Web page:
Use this URL to cite or link to this record in EThOS: http://ethos.bl.uk/OrderDetails.do?uin=uk.bl.ethos.573081
Title: 'It doesn't take a rocket scientist to know when someone is happy ...' : an exploration of what information is of meaning to educational psychologists when evaluating their work
Author: Lowther, C. L.
Awarding Body: University of Essex
Current Institution: University of Essex
Date of Award: 2012
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Abstract:
Evaluation is a central feature of Educational Psychologists' work because of a professional commitment to 'accountable and ethical' practice (Frederickson, 2002, p. 106) and to prove worth within the current financially restricted public sector. A number of studies have been published using different tools with which to undertake this evaluation, however, a consistent approach is yet to emerge. This may be due to a lack of consensus about what information constitutes legitimate evidence both within Educational Psychology and within the broader field of evidence- based practice. Although many authors have philosophised about acceptable sources and types of knowledge, no research has asked the question of what information Educational Psychologists find meaningful when they evaluate their work. Using a mixed methods approach, this research explores this question. Six Educational Psychologists working in a local authority Educational Psychology Service were interviewed about their experiences of their work and what information let them know that they had made an impact. Using Interpretative Phenomenological Analysis a number of key themes emerged from the interviews. What the Educational Psychologists think about their role was prominent, as was the complexity of the work they undertake and the process of measuring the change they facilitate. A diverse range of information drawn upon as evidence that there has been change was described including standardised measures, qualitative feedback, target based evaluations and thinking, feeling, knowing, seeing and reflection or 'professional opinion'. In addition to the interviews, questionnaires were given to all Educational Psychologists in the same service attending a team development day. Quantitative findings equally suggest that a range of information is valued by Educational Psychologists when they evaluate their work. It is thus proposed that a tool which enables Educational Psychologists to collate different types of information from a number of sources may be useful when evaluating their practice.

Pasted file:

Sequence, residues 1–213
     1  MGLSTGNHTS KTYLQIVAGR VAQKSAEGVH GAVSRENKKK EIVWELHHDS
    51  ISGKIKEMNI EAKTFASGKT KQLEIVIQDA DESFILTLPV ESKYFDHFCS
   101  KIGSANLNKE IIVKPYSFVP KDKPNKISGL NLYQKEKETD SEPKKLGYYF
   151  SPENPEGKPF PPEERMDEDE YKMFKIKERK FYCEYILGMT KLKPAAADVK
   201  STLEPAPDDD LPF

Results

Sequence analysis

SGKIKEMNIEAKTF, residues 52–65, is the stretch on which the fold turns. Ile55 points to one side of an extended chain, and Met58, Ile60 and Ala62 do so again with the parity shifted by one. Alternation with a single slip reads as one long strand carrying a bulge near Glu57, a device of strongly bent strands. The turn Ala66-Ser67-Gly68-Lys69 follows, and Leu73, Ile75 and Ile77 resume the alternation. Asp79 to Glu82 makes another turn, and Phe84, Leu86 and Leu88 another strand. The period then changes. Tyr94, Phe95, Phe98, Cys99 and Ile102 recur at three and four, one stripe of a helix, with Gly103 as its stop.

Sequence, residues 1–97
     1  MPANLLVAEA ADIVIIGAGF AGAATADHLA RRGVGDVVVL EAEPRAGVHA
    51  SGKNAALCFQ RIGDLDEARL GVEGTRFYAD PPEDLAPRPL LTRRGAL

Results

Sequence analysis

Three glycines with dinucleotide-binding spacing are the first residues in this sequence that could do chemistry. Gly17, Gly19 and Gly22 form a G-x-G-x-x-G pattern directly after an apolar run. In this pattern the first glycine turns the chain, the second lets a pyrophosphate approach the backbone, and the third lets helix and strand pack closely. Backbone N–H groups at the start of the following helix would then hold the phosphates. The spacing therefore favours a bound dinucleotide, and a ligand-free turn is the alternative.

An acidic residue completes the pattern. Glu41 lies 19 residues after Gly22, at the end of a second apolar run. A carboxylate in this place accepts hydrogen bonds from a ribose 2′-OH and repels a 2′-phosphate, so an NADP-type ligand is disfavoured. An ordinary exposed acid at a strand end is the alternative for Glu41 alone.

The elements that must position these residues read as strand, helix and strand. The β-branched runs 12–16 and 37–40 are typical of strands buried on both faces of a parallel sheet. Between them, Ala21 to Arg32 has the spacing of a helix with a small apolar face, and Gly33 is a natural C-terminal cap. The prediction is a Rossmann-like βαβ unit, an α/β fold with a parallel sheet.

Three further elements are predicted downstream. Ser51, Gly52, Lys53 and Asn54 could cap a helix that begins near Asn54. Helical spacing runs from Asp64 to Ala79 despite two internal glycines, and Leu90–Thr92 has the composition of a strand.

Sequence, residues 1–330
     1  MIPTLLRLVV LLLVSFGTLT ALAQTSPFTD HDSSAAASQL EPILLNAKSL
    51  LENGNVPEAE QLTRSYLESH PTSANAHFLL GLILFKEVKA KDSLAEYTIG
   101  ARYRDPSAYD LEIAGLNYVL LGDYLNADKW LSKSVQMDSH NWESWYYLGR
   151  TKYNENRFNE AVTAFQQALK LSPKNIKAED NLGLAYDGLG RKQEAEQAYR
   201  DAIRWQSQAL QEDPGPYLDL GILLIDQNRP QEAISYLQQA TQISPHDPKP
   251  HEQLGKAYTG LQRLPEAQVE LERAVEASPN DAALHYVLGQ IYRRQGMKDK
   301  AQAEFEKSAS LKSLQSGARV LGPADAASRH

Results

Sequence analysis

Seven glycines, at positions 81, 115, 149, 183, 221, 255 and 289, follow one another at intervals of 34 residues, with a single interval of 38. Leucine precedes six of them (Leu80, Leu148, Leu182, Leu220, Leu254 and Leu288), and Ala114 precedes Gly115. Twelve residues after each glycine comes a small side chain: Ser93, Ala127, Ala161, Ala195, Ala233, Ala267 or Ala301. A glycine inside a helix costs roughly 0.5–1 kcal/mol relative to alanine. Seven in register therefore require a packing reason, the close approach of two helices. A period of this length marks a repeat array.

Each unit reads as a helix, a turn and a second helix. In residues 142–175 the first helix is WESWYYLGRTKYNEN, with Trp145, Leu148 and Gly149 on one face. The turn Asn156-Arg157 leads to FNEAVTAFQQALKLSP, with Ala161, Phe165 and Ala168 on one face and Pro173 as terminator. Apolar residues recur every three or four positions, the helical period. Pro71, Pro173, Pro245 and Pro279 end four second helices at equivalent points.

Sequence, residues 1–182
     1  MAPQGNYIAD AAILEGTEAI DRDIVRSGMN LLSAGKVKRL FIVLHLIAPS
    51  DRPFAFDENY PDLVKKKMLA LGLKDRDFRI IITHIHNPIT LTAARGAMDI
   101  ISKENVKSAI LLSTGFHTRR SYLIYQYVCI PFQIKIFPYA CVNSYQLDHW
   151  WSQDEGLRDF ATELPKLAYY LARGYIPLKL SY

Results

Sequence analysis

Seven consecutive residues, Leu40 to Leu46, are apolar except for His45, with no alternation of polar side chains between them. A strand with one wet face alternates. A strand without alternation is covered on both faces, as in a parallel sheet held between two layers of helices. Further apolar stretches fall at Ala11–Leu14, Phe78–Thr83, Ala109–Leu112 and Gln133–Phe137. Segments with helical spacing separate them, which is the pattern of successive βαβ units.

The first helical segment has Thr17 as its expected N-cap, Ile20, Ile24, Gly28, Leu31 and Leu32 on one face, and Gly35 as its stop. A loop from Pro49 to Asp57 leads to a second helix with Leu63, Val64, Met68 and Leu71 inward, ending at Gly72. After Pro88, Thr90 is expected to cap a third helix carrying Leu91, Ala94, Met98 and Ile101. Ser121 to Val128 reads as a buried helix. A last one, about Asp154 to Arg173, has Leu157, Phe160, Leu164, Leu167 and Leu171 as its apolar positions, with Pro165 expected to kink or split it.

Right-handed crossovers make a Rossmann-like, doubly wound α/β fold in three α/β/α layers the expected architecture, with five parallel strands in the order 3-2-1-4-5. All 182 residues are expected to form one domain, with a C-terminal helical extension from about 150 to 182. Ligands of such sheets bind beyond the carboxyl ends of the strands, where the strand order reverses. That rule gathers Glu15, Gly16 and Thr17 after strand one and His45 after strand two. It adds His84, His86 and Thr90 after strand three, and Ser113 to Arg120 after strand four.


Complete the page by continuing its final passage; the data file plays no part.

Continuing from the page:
Supervisor: Not available Sponsor: Tavistock and Portman NHS Foundation Trust
Qualification Name: Thesis (D.Ch.Ed.Psych.) Qualification Level: Doctoral
EThOS ID: uk.bl.ethos.573081  DOI: Not available
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